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Of the Lord's Supper.
was betrayed, instituted the Sacrament of his body and blood called the Lord's Supper, to be observed in his Churches to the end of the world, for the perpetual remembrance, and shewing forth of the sacrifice of himself in his death, the sealing of all benefits thereof unto true believers, their spiritual nourishinent and growth in him, their further engagement in and to all duties which they owe unto him, and lo be a bond and pledge of their communion with him and with each other. a
al Cor. xi, 23, 24, 25, 26, and x, 16, 17, 21, and xii, 13.
II. In this Sacrament Christ is not offered up to his Father, nor any real sacrifice m.cle at all for remission of sin of the quick or dead, ó but on. ly a memorial of that one offering up of himself upon the Cross, once for all, and a spiritual oblation of all possible praise unto God for the same, c so that the Popish sacrifice of the Mass (as they call it) is most abominably inju. rious to Christ's own only sacrifice, the alone propitiation for all the sins of the eleci.
• H b. ix, 22, 25, 26, 28. c I Cor. xi, 24, 25, 26. Mat. xxvi, 26, 27. d Heb. vii, 23, 24, 27, and x, ll, 12, 14, 18.
III. The Lord Jesus hath in this ordinance appointed his ministers to decl re his word of instilution to tle people, to pray and bless the elements of bread and wine, and thereby to set them apart from a common to an holy use, and to take and break the bread, to take the cup, and (they communicating also themselves) to give both to the Communicants, d but to none who are not then present in the congregation. f
e Mat. xxvi, 26, 27, 28. Mark xiv, 22, 23, 24. Luke xxii, 19, 20. I Cor. xi, 23, io 26. f Acts xx, 7. I Cor. xi, 20.
IV. Private Masses, or receiving the Sacrament by a Priest, or any other alone, s as likewise the denial of the cup to the people, h worshipping the elements, the listing them up or carrying them about for adoration, and reserving them for any pretended religious use, are all contrary to the nature of this sacrament, and to the institution of Christ. i
51 Cor. x, fic h Mark xiv, 23. I Cor.si, 25, to 30.
i Mat. xv, I.
ly set apart to the uses ordained by Christ, have such relation to him crucified, as that trųly yet sacramentally only, they are sometimes called by the name of the things they represent, to wit, the body and blood of Christ : k albeit in substance and nature they still remain truly and only bread and wine as they were before. I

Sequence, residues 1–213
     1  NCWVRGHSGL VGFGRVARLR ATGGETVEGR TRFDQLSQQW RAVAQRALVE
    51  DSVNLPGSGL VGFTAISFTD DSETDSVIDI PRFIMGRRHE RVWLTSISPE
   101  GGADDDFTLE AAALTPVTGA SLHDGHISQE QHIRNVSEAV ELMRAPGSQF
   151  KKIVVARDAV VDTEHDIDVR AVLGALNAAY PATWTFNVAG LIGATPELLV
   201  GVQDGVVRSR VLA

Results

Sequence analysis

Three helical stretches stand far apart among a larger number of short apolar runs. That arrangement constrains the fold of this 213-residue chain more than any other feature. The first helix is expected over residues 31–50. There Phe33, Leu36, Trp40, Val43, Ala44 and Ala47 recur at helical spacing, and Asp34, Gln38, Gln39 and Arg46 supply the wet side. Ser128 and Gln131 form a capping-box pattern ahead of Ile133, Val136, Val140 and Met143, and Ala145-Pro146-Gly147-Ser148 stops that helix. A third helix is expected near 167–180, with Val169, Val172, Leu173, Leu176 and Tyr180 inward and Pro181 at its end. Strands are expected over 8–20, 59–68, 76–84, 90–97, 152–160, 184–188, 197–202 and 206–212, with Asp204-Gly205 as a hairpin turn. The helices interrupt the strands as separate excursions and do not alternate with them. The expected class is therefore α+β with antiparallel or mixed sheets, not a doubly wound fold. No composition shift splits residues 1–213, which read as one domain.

k Mat. xxvi, 26, 27, 28. | I Cor. xi, 26, 27, 28. Mat. xxvi, 20.
VI. That doctrine which maintains a change of the substance of bread and wine into the substance of Christ's body and blood (commonly called transubstantiation) by consecration of a Priest, or by any other way, is repugnant not to the scripture alone, but even to common sense and reason, overthroweth the nature of the sacrament and hath been, and is the cause of manifold superstitions, yea of gross idola
m Acts iii, 21. I Cor. xi, 24, 25, 26. Luke xxiv, 6, 39.
VII. Worthy receivers outwardly partaking of the visible elements inthis sacramenin do then also inwardly by faith, really and indeed yet not carnally and corporally, but spiritually, receive and feed upon Christ crucified, and all benefits of his death ; the body and blood of Christ being then not corporally or carnally, in, with, or under the bread and wine, yet as really, but spir. itually present to the faith of believers in that orclinance, as the elements themselves are to their outward senses. O
n I Cor. xi, 28.
o I Cor. xy 16.
VIII. All ignorant and ungodly persons as they are unfit to enjoy cominunion with Christ, so are they unworthy of the Lord's table, and cannot without great sin against him whilst they remain such, partake of these holy mysteries, to or be adnitted thereunto ; q yea, whosoe ver shall receive unworthily, are guilty of the body and blood of the Lord, eating and drinking judgment to themselves, a
p I Cor. xi, 27, 28, 29. II Cor. vi, 14, 15, 16, g I Cor. v, 6, 7, 13. 11 Thess. iii, 6, 14, 15% Mat. vii, 6. r I Cor. xi, 27, 29.
Of the State of man after death, and of the Res.
urrection of the dead.
THE bodies of men after death return to
dust, and see corruption, a but their souls (which neither die nor sleep) having an immortal subsistence, immediately return to God who gave them, b the souls of the righteous being then made pe fect in holiness, are received into the highest heavens, where they behold the face of God in light and glory, waiting for the full redemption of their bodies :c and the souls of the wicked are cast into hell, where they remain in torment, and utter darkness reserved for the judgment of the great day: d besides these two places of souls separated from their bodies the scripture acknowledgeth none.
a Gen. jii, 1!. Acts xiii, 36. 6 Luke xxiii, 43, Eccl. xii, 7. c Heb. xii, 23. II Cor. v, 1, 6, 8. Phil. i, 23 Acts iii, 21. Eph. iv, 10. d Luke xvi, 23, 24. Acts i, 25. Jude v, 6. I Pet. iii, 19.
II. At the last day such as are found alive shall not die, but be changed, e and all the dead shall be raised up with the self same bodies, and none other, although with different qualities which shall be united again to their souls forever. f